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|Richard Aldington (1892-1962)|
I. Read the text and do the assignments following it.
Early in 1929 a great number of antiwar books appeared in different countries. Erick Maria Remarque's "All Quiet on the Western Front"1 (1929) proclaimed to millions of readers all over the world that the First World War had been fatal to a whole generation of youth by causing moral and spiritual death, though it had spared their physical lives. The years of the spiritual growth of this generation were, those of the bloody imperialist war, in the course of which all human values seemed to have been lost. The deadly reality of war made all the fine phrases of politicians and demagogues empty and meaningless.
The hero of Ernest Hemingway's "A Farewell to Arms"2 (1929) threw aside the traditional values of society as hypocritical. The ex-soldiers could not find a place in postwar life, and therefore were called "the lost generation." The term was coined by Gertrude Stein, an American woman writer, who once said to Hemingway: "You are the lost generation." The name "lost generation literature" was later applied to the wings of many authors, including Hemingway in the USA, Remarque in Germany and Aldington in Great Britain.
Richard Aldington is one of the most prominent twentieth century English authors. He began his literary work in the years preceding the First World War. His participation in the War left a deep mark on his general outlook and greatly influenced his work as a writer. Most of his novels and short stories are a passionate bitter protest against the senseless cruelty and brutality of the war. Among these antimilitary books "Death of a Hero"3 (1929) undoubtedly occupies the first place. It is a story of a young man, George Winterbourne, of his childhood and youth, first love and marriage, his service in the fighting British army and, finally, his tragical death at the front. The book is extremely powerful and leaves a lasting impression on the reader.
Of the other books by R. Aldington especially famous are "All Men Are Enemies,"4 "Very Heaven," "The Colonel's Daughter" and some short stories. He is also the author of several biographies (O. Balzak, D.H. Lawrence).
R. Aldington was a very versatile and talented man-of-letters who produced important work in several different genres of literature. His best poetry and prose fiction should survive as "minor classics" of the twentieth century.
1. "All Quiet on the Western Front"– «Ha Западном фронте без перемен»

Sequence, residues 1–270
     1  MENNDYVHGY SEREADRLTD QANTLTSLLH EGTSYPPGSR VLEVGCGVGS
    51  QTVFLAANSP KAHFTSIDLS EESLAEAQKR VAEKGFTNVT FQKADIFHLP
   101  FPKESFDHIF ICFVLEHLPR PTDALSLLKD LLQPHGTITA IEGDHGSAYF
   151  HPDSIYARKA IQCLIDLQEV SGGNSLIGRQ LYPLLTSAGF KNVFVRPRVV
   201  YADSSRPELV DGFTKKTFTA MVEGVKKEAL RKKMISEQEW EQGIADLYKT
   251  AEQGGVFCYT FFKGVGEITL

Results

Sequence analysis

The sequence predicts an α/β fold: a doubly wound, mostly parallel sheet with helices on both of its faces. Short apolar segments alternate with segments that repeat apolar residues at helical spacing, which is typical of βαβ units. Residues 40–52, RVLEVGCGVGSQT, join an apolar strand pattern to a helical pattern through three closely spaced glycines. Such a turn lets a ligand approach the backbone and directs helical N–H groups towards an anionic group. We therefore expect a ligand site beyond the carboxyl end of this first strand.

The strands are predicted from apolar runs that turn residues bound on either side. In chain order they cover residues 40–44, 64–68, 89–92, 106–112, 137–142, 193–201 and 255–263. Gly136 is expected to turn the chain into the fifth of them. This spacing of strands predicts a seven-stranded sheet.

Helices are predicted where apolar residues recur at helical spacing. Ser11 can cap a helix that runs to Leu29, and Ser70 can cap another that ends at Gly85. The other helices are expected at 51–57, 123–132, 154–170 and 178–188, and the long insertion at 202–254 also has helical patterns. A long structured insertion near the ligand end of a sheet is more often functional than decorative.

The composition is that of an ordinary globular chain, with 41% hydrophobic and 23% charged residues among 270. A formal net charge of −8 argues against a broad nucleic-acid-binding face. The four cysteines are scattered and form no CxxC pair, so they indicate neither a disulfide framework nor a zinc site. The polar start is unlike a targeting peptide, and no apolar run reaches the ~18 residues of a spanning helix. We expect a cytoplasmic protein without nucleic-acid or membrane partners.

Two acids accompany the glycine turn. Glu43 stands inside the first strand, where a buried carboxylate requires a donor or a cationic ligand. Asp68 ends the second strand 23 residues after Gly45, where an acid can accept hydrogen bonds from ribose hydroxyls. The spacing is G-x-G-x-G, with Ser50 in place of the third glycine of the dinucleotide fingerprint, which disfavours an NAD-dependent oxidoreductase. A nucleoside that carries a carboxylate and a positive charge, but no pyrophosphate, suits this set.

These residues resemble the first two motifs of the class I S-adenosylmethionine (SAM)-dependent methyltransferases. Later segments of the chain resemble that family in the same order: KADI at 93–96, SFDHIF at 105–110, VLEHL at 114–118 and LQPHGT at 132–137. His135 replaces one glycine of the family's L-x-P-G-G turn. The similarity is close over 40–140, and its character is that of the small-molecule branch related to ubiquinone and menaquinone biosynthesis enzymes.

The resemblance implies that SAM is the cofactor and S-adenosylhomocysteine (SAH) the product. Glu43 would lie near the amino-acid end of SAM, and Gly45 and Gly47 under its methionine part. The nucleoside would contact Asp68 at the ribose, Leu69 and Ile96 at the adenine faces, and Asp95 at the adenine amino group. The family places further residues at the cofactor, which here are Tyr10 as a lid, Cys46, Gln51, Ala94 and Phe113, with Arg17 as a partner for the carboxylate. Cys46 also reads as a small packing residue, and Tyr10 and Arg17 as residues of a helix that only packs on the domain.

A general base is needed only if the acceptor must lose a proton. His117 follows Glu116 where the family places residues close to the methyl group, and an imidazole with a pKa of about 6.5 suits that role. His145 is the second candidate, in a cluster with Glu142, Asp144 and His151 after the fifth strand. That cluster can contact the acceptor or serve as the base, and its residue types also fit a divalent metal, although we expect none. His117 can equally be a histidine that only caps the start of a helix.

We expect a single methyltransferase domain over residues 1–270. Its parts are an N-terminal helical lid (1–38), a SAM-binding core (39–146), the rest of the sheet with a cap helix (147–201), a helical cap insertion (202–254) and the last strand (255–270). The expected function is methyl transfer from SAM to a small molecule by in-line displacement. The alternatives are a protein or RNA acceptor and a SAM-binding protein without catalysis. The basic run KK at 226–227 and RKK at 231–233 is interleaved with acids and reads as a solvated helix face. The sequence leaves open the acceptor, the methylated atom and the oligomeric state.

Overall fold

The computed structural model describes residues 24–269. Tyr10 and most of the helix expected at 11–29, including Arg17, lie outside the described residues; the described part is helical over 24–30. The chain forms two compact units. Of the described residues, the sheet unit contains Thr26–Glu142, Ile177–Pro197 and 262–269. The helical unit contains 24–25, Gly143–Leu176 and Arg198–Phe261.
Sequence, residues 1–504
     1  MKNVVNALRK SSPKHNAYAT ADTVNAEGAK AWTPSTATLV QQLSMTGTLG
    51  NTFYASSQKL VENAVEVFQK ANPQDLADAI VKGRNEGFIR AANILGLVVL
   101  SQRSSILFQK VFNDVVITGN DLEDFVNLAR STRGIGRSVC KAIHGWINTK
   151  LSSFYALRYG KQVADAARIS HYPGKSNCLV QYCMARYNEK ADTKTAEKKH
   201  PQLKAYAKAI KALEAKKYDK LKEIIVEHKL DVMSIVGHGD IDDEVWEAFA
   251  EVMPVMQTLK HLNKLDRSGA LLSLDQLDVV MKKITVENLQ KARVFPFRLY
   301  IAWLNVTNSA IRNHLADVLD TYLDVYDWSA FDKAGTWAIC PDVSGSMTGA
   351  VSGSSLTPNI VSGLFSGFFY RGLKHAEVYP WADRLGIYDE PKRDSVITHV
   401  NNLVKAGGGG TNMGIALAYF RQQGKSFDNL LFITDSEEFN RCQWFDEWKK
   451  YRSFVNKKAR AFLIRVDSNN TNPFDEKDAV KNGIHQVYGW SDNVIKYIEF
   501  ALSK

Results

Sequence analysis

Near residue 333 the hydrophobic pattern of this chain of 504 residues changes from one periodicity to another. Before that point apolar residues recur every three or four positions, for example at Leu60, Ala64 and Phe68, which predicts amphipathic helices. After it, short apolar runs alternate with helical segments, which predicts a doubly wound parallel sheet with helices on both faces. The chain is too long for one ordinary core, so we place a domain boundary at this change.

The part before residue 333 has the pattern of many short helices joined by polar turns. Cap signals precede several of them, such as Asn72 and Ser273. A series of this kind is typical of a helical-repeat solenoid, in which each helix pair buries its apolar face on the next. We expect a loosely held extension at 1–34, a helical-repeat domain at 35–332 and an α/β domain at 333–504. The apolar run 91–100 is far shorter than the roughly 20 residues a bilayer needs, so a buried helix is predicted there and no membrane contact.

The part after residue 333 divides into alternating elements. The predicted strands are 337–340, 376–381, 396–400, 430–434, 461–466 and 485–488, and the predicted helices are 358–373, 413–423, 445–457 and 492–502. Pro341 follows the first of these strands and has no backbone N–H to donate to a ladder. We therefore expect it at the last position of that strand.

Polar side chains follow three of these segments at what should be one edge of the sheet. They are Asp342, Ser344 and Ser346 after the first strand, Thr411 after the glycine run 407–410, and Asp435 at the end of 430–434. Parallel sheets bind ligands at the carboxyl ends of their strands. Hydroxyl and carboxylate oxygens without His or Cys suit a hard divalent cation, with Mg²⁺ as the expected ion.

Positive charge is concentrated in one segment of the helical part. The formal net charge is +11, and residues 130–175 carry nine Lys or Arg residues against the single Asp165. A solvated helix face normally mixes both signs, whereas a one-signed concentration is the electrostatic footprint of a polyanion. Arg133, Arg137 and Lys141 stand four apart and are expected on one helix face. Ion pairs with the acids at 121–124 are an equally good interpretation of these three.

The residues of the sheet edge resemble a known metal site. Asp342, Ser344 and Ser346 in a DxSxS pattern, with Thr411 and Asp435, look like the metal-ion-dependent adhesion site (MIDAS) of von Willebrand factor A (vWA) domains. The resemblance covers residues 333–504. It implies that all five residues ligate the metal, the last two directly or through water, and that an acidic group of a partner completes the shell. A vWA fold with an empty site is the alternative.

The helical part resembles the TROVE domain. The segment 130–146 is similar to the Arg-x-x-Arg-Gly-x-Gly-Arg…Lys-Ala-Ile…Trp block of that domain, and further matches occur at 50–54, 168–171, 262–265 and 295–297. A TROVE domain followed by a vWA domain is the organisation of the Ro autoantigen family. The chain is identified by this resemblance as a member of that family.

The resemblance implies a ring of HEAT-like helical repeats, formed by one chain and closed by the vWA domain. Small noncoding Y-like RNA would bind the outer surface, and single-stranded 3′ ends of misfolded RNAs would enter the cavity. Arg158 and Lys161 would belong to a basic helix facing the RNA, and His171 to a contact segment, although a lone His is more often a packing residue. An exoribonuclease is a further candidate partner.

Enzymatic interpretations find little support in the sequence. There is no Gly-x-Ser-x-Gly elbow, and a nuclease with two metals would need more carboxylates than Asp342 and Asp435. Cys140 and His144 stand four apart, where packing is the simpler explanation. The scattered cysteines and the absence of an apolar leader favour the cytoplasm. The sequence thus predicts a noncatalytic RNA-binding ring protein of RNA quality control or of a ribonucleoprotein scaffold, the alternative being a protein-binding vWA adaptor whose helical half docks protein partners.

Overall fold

2. "A Farewell to Arms" – «Прощай, оружие»
3. "Death of а Него" – «Смерть героя»
4. "All Men Are Enemies" – «Все люди – враги»
II. Translate the following word combinations into Russian and use them in sentences of your own:
to proclaim, to cause moral and spiritual death, human values, meaningless, hypocritical, to coin a term, to apply to, to leave a deep mark on, a passionate bitter protest against, to occupy the first place, to leave a lasting impression on.
III. Answer the following questions:
1. What books appeared in 1929?
2. What did Erick Maria Remarque's "All Quiet on the Western Front" proclaim to millions of readers?
3. What did the war cause?
4. Who was called "the lost generation"?
5. Who coined the term "the lost generation"?
6. When did R. Aldington begin his literary work?
7. What do most of his novels and short stories demonstrate?
8. What place does the novel "Death of a Hero" occupy among the antimilitary books?
9. What other novels by R. Aldington do you know?
IV. Read the text with the help of a dictionary and write a summary of it.
The most important work written by Richard Aldington is his novel "Death of a Hero." It is not only an antiwar novel exposing the inhuman nature of war. It is also a history of the spiritual growth of those "who spent their childhood and adolescence struggling ..., whose early manhood coincided with the European War." The author called his book "a memorial to a generation which hoped much, strove honestly, and suffered deeply."
"Death of a Hero" is a lyrical improvisation in prose where the author, sometimes sympathetic, sometimes ironic, sometimes indignant, appears not only as narrator, but as friend to the main character. He often comments on the action and expresses his opinion of the characters, and his commentary occupies a larger place in the book than the actual story itself.
Aldington begins his Prologue on a very personal note. The author-narrator informs the reader of the death of George Winterbourne only a few days before the end of the war, and then proceeds with the description of how several people closely related to his late friend, that is George's father and mother, and also his wife and his mistress, reacted to the fact. The parents did not care much, being deep in their own problems. Their response was much more conditioned by the conventional patterns of behaviour than by any deep personal feeling. The Winterbournes are for the author a symbol of the English bourgeoisie. "It is the tragedy of England," he says, "that the war has taught its Winterbournes nothing."
As for George's wife, Elizabeth, and his mistress, Fanny, they soon dried their tears after George's death. So the narrator feels it necessary to tell the story of George Winterbourne's. The author hopes to find and expose the forces in the social life of prewar England that made it possible for a whole generation to perish in the fire of a world war.